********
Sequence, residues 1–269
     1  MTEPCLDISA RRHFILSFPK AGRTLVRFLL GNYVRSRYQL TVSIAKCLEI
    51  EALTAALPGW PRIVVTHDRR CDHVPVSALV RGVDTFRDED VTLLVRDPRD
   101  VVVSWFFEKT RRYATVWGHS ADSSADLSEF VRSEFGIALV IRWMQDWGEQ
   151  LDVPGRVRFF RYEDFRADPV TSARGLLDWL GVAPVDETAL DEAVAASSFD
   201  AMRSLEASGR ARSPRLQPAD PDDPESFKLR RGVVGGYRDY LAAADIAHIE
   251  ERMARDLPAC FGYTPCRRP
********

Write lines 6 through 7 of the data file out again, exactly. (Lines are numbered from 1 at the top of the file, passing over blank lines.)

   201  AMRSLEASGR ARSPRLQPAD PDDPESFKLR RGVVGGYRDY LAAADIAHIE
   251  ERMARDLPAC FGYTPCRRP